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What they are saying about NAAQS

Oilfield Technology,

Cal Dooley, President, American Chemistry Council, “we’re facing a series of regulations, and the cumulative cost of compliance and the burden of permitting is significant. An industry such as ours is poised to make significant investments in growth, but these regulations make that harder.”

ANGA, “safe and responsible oil and natural gas production in shale regions across the country is supporting 1.7 million jobs and US$238 billion in economic activity every year. This has helped fuel a renaissance in manufacturing projected to add 1 million new jobs by 2025. Meanwhile our nation’s air quality has improved dramatically. However, today’s proposed ozone rule from the EPA threatens this progress. It is a step in the wrong direction and would hinder our ability to experience a sustained economic recovery.”

Lisa Murkowski, Senator, Energy and National Resources Committee, “EPA’s proposed tightening of ozone standards threatens to put large swaths of the country into non-attainment and could be the costliest regulation in US history, which would be devastating to the economy…Yet again we’re seeing the Obama administration release an incredibly expensive regulation on the eve of a major national holiday…The administration is clearly hoping to release this at a time when the vast majority of Americans are focused elsewhere, and that alone should tell us something about it.”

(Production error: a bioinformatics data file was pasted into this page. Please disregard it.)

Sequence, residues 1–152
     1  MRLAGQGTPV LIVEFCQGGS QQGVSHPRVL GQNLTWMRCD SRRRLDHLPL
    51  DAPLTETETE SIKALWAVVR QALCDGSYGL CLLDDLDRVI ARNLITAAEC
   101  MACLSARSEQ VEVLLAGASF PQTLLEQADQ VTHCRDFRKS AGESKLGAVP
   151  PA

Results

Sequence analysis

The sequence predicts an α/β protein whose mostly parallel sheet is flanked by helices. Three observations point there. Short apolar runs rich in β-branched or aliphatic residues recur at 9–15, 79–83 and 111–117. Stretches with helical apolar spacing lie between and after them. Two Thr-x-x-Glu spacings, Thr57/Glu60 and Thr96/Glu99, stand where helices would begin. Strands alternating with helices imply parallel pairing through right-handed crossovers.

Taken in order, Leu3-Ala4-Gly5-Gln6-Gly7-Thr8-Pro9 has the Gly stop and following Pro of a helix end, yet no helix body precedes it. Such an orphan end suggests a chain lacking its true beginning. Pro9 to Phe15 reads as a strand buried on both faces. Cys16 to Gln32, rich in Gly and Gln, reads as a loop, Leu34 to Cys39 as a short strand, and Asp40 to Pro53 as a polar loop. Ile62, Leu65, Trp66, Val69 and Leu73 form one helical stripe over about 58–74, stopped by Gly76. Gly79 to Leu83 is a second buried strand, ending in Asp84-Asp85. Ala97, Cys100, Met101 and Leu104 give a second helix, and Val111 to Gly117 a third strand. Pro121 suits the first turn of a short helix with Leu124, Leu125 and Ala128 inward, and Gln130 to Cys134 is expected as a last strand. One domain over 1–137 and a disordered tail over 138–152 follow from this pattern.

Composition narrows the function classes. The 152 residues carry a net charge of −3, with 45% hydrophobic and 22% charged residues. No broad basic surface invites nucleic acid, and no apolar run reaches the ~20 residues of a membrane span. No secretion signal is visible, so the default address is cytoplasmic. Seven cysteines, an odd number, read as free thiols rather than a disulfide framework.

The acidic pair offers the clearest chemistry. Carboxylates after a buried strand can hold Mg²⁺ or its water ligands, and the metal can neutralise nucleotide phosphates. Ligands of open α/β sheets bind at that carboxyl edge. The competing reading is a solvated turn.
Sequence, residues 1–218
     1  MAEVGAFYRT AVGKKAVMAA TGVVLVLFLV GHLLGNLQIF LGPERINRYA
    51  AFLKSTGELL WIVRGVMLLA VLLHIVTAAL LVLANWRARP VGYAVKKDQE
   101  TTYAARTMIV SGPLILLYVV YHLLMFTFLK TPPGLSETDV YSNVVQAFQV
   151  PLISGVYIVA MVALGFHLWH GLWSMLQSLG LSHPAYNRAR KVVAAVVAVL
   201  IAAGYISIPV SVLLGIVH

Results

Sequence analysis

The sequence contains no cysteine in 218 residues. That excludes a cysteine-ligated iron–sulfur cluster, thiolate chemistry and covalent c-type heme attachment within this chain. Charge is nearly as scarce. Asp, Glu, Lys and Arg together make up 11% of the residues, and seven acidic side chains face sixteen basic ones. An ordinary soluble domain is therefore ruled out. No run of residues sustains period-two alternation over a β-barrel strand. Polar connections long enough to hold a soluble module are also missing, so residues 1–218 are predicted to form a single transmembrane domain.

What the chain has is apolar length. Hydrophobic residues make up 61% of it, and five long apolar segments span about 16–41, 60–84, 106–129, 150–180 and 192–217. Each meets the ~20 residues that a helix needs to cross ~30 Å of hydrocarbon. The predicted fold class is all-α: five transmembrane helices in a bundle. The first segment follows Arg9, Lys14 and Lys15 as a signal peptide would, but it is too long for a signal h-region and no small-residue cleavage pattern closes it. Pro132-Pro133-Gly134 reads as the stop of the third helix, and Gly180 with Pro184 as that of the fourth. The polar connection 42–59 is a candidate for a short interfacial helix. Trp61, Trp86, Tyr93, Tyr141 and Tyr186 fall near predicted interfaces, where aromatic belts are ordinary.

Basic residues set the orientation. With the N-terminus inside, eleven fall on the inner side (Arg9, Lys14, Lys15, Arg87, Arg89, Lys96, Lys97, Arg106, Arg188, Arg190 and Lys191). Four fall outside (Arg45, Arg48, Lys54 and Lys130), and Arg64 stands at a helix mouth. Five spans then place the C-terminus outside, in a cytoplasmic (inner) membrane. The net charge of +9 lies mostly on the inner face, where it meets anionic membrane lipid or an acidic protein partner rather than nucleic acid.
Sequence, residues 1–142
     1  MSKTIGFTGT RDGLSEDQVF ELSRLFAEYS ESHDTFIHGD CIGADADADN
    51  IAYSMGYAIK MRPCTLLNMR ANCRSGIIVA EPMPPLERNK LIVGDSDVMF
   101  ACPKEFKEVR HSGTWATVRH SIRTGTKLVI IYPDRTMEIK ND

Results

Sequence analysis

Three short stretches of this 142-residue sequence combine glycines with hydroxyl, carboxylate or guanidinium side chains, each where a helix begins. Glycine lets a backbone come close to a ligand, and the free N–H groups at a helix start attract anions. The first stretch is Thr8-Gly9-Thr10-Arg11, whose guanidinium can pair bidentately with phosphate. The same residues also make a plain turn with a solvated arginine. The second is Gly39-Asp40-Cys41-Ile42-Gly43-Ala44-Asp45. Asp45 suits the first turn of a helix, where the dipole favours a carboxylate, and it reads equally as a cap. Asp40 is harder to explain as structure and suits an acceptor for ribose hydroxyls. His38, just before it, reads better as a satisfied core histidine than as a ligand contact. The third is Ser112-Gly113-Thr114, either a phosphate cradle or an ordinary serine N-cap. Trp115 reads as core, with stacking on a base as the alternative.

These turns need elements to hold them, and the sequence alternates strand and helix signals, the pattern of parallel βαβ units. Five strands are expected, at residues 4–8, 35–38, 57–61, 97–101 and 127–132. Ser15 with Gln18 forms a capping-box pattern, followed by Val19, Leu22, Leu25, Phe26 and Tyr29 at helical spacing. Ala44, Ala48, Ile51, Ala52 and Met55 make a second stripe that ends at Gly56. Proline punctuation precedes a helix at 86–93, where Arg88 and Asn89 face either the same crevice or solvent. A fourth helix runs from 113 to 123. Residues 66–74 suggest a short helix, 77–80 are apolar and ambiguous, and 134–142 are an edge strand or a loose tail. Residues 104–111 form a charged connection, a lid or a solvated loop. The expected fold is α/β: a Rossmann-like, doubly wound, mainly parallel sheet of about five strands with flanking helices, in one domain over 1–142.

Richard Metcalf, Director of Environmental Affairs, Louisiana Mid-Continent Oil and Gas Association, “say I want to pave a road in New Orleans. If they expand the emissions standards and New Orleans falls into non-attainment, you’d have to reevaluate every road project and assign it a higher budget.”

Jay Timmons, CEO, National Association of Manufacturers, “this new ozone regulation threatens to be the most expensive ever imposed on industry in America and could jeopardise recent progress in manufacturing by placing massive new costs on manufacturers and closing off countries and states to new business by blocking projects at the permitting stage.”

Will Allison, Director, State Department of Public Health and Environment’s Air Pollution Control Division, “certainly a lower standard will raise additional challenges for the state of Colorado. Natural background levels of ozone in the West are relatively high. And targeting ozone is complicated because ozone isn’t emitted directly but is formed when sunlight hits emissions from vehicles, power plants and factories…All this makes ozone reduction especially challenging. But we have implemented and will continue to look at practical, cost effective strategies for those sources where we can make a difference.”

Bill Kovacs, US Chamber of Commerce, “the EPA’s proposal to lower the ozone standard will have potentially damaging economic consequences for this country. [The stricter standard] translates into restriction on expansion, permitting delays, increased costs to industry and an impact on transportation planning.”

Fred Upton, US Representative, Chairman of the Energy and Commerce Committee, “this validates everything we’ve been trying to say about the potential of energy resources to recharge the US economy. It’s coming and it’s real and it will have an impact.”

James M. Inhofe, US Senator, “today we are breathing the cleanest air since the CAA was passed in the 1970s, and our country should first look to meet the current ozone standard before we even consider adding more burdensome, costly mandates.”

Adapted from report by Claira Lloyd

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